...I read the above and realized that I stopped writing abruptly, even though my thought process continued on. There was a discussion on a board this a.m. about teaching kids to think and a poster commented that public school required memory work. Not from my experience. If that were the case, why are multiple choice tests and T/F test, group projects, narrative recounts considered the test of true education these days? What impressed me with the above quote was that a lot of the young men described in the book were not only studying for the rigorous ordination exam but were also involved in getting advanced degrees in philosophy, mathematics, medicine, psychology; in other words, degrees that require rhetoric skills. These were people who could learn, think and excel.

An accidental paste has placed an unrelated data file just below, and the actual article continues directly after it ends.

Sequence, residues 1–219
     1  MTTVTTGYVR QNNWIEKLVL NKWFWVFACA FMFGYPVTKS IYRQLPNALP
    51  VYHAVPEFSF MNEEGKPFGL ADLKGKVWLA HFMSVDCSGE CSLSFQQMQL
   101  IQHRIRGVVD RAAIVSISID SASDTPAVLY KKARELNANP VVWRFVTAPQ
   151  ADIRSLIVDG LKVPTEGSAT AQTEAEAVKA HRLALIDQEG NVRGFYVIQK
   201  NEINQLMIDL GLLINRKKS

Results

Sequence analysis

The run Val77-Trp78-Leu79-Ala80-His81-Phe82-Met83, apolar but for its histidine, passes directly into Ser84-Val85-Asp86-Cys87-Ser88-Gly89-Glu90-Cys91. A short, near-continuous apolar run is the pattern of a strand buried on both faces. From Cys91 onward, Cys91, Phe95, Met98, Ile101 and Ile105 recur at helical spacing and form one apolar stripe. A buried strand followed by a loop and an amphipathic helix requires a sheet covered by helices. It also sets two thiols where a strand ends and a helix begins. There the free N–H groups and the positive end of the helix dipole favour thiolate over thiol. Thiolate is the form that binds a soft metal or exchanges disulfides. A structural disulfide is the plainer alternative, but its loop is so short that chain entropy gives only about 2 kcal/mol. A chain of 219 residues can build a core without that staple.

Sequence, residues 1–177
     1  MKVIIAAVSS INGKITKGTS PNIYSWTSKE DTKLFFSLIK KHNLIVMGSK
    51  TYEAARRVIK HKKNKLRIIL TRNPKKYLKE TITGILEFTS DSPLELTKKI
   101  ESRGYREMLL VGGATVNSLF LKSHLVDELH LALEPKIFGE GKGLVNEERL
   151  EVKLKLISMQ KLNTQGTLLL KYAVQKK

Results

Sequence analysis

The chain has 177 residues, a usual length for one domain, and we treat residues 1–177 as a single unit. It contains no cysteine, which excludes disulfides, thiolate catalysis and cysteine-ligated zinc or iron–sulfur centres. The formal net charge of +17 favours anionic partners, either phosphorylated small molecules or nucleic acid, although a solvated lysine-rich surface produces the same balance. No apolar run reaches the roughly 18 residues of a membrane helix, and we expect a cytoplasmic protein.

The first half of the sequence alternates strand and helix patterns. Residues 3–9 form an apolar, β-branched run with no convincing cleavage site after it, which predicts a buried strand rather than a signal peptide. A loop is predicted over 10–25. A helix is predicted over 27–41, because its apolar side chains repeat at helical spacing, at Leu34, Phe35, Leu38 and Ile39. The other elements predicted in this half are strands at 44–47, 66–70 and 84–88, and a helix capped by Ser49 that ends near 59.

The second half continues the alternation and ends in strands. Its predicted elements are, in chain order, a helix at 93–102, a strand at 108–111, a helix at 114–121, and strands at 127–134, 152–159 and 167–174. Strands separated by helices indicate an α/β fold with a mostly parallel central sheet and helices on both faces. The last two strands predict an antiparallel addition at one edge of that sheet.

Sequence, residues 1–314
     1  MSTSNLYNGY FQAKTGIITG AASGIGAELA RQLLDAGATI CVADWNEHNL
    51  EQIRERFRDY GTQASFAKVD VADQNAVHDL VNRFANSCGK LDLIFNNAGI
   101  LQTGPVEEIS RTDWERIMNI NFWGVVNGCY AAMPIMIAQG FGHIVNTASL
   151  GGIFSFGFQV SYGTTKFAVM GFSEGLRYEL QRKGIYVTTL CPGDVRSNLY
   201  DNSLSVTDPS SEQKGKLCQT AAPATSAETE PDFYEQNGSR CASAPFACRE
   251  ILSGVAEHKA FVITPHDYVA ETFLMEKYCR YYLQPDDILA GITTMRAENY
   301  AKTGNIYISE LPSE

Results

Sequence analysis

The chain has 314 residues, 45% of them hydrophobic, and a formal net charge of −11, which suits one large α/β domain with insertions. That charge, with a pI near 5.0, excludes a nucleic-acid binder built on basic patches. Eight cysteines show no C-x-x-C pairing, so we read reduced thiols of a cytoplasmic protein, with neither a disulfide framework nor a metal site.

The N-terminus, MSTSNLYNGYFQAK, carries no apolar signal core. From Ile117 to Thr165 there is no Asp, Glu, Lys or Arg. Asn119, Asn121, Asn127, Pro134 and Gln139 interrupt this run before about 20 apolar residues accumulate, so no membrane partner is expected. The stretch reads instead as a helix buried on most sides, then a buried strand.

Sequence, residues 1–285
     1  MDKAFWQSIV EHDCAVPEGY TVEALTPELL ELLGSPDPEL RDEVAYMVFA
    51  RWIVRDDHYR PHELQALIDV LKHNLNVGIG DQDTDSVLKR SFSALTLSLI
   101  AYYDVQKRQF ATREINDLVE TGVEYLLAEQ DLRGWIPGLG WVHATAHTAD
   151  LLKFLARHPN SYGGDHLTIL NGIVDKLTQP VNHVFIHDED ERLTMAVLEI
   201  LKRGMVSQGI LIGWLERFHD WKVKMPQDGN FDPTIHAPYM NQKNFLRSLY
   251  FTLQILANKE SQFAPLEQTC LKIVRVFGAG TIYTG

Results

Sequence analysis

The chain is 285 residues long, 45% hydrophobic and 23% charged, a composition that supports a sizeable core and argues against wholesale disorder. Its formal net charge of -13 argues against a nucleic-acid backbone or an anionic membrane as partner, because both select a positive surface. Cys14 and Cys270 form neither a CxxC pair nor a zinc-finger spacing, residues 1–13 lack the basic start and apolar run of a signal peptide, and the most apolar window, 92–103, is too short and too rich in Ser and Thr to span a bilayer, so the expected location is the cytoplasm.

I always felt hindered by my lack of knowing how to learn. What I did learn, up until several years ago, I did by intuiting, and, perhaps I am naturally an intuitive learner. But, if one is not sure how one gains knowledge and understanding one can never be sure if they can learn a new thing. Learning is a gamble, not a certainty. As a result, there was always hesitancy and insecurity. And if one believes that knowledge, understanding and wisdom are all part of the process on a continuum than the hope of ever reaching wisdom becomes almost an impossibility.
Books like The Chosen and The Promise and The Long Winter offer hope that learning and true education are simply the result of hard work, discipline and vision. Something that we can all attain.